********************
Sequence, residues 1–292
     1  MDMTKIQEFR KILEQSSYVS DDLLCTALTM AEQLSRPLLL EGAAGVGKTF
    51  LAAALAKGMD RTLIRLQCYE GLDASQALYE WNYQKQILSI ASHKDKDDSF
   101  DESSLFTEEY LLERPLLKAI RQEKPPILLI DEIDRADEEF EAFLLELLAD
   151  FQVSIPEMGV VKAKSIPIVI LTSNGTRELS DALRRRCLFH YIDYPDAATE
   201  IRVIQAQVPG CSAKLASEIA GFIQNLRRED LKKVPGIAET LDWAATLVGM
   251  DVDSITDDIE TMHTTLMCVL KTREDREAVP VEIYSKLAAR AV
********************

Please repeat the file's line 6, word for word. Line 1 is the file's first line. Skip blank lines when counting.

   201  IRVIQAQVPG CSAKLASEIA GFIQNLRRED LKKVPGIAET LDWAATLVGM